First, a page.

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Translated from french by Isabella Muma 

In its original sense, a rotating savings and credit association (RSCA) is an agreement reached by a group of people to jointly invest in a property. Ownership of the property is eventually transferred to the last surviving investor in case of death. In French speaking Africa, this type of association commonly known as “tontine,” has a quite different meaning. The tontine is an association of people who come together at regular intervals to manage their savings. Each participant receives, in turn, a fixed sum of money. Every beneficiary must at some point in time repay the credit. Meanwhile, others make regular contributions which amount to a fixed sum of money that can be withdrawn at a convenient time to execute projects. These contributions serve as precautionary funds which can be accessed in case of celebratory events such as marriage or birth and unhappy events such as death,etc.  A noteworthy fact is that, turns are decided according to the needs of each participant and are possibly interchangeable.
Early publications on RSCA date back to 1952. Meanwhile, back in the 19th century, a similar practice known as “Esusu” was already very common amongst the Muslims of Yoruba descent in Nigeria, who came together with the sole aim of managing their savings. These associations are very peculiar in the sense that, they are founded on the basis of social bonds. An RSCA projects its social attribute by sticking to recommendation-based membership, thereby making the issue of trust amongst its members a crucial aspect regarding the functionality of the association, because one saves for the other and vice versa. Anyone who fails to contribute might be expelled from the group. Generally, one creates a rotating savings and credit association with family members, friends, tribesmen, colleagues, etc.  These associations have a long-standing history in Africa, long before the introduction of money. At the time one exchanged services. For instance, in exchange of a service one party might have, over a period of time, constructed a hut for the other. Meanwhile, another assisted a relative to organize a baby shower and so on and so forth.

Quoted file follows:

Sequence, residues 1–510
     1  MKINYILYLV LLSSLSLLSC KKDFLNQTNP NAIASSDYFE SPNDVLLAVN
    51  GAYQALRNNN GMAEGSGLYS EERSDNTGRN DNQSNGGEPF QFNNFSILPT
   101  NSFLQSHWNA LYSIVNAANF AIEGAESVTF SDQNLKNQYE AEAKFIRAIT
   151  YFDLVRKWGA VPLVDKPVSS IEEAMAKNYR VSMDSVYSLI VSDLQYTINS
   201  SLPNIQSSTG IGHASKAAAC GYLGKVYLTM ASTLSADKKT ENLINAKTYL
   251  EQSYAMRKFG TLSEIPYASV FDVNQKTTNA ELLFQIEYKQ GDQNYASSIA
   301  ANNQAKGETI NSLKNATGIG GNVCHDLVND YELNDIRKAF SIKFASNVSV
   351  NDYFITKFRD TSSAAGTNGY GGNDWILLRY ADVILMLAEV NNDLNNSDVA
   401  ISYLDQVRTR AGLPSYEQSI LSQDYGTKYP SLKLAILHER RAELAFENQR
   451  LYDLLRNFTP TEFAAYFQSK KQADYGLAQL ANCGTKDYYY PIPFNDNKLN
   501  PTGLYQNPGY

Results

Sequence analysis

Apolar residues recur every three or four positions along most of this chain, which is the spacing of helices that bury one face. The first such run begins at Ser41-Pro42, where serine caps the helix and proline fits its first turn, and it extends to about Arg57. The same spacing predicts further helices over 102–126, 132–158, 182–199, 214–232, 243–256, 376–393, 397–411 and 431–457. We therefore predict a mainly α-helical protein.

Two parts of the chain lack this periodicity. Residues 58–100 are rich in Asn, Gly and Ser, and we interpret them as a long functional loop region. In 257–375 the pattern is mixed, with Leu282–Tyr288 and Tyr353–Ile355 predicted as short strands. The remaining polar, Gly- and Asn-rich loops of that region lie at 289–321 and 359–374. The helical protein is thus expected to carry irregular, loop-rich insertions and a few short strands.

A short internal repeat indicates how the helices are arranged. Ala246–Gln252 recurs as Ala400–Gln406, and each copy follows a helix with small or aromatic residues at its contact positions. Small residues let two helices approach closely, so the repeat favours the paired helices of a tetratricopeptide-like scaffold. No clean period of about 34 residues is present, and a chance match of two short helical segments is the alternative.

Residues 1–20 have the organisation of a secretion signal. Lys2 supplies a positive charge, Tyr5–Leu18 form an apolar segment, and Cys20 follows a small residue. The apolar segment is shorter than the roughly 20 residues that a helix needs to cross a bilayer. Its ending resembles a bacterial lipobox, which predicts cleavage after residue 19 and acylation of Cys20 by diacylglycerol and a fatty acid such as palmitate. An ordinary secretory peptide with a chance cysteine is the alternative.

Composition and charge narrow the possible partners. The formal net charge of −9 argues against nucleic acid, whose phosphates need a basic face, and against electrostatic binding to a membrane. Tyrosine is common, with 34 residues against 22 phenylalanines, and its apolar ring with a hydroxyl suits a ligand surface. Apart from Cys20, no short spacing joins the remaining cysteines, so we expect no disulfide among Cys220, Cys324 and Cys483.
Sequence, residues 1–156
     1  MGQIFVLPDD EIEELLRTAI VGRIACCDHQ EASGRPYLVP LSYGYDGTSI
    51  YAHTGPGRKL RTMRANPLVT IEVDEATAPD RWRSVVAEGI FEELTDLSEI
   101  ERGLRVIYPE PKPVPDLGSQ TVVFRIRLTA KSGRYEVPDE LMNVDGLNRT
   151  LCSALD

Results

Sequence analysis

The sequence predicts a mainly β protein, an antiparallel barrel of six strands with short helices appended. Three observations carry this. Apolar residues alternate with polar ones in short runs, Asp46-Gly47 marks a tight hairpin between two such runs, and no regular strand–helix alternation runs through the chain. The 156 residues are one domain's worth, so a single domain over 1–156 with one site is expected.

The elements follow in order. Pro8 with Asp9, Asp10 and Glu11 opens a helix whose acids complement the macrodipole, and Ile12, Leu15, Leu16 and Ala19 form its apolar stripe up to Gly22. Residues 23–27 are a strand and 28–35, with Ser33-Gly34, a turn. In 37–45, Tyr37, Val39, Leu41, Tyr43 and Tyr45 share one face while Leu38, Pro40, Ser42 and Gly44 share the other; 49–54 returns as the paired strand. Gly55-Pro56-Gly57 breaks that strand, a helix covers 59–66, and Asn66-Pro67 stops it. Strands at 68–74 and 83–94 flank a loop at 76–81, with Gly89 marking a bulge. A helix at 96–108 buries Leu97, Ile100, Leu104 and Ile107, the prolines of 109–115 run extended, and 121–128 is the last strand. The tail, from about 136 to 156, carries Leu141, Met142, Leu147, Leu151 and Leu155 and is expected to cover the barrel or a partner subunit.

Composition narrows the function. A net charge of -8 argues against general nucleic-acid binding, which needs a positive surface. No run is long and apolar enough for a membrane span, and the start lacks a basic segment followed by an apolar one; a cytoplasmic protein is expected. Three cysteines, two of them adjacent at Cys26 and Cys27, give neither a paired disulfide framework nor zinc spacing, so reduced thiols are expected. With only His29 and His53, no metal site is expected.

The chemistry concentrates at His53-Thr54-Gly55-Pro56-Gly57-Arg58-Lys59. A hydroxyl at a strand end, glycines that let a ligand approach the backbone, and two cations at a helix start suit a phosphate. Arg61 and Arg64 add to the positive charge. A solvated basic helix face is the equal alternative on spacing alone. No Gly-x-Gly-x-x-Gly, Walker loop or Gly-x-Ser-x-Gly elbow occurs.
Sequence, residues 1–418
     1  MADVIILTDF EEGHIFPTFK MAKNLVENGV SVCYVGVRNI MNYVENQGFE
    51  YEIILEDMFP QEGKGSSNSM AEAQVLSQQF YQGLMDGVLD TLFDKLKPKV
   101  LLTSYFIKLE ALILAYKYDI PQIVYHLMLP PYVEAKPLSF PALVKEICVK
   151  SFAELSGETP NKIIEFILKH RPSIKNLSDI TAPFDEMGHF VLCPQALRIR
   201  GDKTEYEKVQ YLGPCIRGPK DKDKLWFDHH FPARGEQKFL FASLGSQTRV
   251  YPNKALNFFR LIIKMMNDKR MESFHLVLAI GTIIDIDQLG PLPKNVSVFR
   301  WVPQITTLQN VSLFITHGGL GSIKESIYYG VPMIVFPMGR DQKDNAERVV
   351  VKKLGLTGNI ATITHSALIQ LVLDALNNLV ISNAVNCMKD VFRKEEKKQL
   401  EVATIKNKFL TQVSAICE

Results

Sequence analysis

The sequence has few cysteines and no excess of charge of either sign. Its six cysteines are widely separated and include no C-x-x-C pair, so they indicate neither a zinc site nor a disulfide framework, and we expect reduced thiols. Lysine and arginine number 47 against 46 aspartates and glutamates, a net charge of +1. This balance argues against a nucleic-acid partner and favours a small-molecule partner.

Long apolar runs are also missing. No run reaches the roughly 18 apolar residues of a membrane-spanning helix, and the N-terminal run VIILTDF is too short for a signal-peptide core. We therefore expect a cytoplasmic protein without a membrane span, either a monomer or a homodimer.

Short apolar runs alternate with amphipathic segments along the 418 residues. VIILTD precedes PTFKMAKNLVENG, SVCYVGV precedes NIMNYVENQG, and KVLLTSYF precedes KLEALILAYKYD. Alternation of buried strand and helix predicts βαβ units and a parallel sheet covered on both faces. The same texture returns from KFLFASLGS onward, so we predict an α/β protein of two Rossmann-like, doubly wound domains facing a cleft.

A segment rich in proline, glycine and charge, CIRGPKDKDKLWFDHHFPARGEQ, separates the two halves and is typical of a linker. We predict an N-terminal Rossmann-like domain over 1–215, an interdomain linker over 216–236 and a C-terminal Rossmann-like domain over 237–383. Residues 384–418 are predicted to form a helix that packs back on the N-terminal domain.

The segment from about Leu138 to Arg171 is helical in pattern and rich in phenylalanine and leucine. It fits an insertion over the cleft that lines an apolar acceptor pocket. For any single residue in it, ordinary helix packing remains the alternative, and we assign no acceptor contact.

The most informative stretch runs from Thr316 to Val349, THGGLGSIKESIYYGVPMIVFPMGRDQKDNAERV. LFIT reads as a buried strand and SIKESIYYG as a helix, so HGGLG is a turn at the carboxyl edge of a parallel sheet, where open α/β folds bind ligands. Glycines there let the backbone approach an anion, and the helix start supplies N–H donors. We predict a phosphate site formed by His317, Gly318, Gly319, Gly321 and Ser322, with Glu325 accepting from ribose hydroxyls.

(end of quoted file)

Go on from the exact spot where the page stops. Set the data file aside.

In Asia, RSCA is equally an ancient and very popular practice. In 14th century Japan, small groups came together for the “Kou,” which was very similar to present day RSCA. The word RSCA or Tontine comes from the name of an Italian banker known as Tonti, who proposed a new lending system to Cardinal Jules Raymond Mazarin in a bid to inflate state coffers.   RSCA is currently practiced in all African countries.  It’s called Dashi in Mali, Likelemba in the Federal Republic of Congo, Djangui in Cameroon, Obilimba in Kenya or better still, Stokel in South Africa. A rotating savings and credit association is first of all a social group with a financial twist to it. It’s a system that has proven useful in terms of savings management.  Therefore, it’s not uncommon to have people originating from the same African country, come together to form such an association in the diaspora.  Nowadays, an increasing number of its members prefer to mobilize themselves in Facebook and WhatsApp groups, thereby enabling contributions via mobile money or PayPal, thus setting aside the usual personal gathering. Despite the fact that these social groups are growing larger in size, there is an underlying issue of mistrust amongst its members which is gradually becoming a problem. Nonetheless modern-day measures are being taken to address this issue. Popular African Apps like Tonteo, i-Djangui, squirroo, natebi, tontinek, etc, are used to efficiently manage RSCAs. These Apps provide access to secured chat forums, call and contribution possibilities. Low bank rates in Africa are a prove of a failed traditional banking system on the continent. Saving Cooperatives and some Microfinance Institutions are already adapting to RSCA principles. If these Apps prove to be successful in the diaspora, just like in many domains in Africa, RSCA is definitely going digital. The advent of mobile money has changed the habits of Africans. It is much easier to send money, and most importantly, trace financial transactions via mobile money. Basically, there is no legal framework governing RSCAs. The obscurity around mobile money legislation facilitates this informal form of savings which many prefer to the traditional bank. However, with the help of digital applications and eventual changes in the law, RSCAs will be able to grow out of its informal state, thus eliminating this huge difference with the traditional bank.

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